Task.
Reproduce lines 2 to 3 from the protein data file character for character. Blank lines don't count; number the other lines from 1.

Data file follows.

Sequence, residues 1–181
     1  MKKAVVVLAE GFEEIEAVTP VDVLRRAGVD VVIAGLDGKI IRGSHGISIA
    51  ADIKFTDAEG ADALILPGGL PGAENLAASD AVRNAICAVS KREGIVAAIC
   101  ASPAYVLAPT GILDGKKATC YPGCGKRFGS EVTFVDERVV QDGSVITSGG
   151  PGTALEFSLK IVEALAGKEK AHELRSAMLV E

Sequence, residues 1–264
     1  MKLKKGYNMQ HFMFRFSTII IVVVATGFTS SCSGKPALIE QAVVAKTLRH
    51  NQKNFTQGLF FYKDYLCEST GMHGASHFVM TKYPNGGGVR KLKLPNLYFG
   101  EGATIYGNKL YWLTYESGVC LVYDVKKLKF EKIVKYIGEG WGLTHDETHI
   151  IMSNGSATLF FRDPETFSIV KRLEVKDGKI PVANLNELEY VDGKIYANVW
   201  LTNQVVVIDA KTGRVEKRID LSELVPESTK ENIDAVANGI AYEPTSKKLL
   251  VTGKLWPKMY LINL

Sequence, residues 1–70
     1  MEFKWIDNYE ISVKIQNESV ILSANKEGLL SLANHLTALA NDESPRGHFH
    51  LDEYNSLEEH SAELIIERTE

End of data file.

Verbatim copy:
     1  MKKAVVVLAE GFEEIEAVTP VDVLRRAGVD VVIAGLDGKI IRGSHGISIA
    51  ADIKFTDAEG ADALILPGGL PGAENLAASD AVRNAICAVS KREGIVAAIC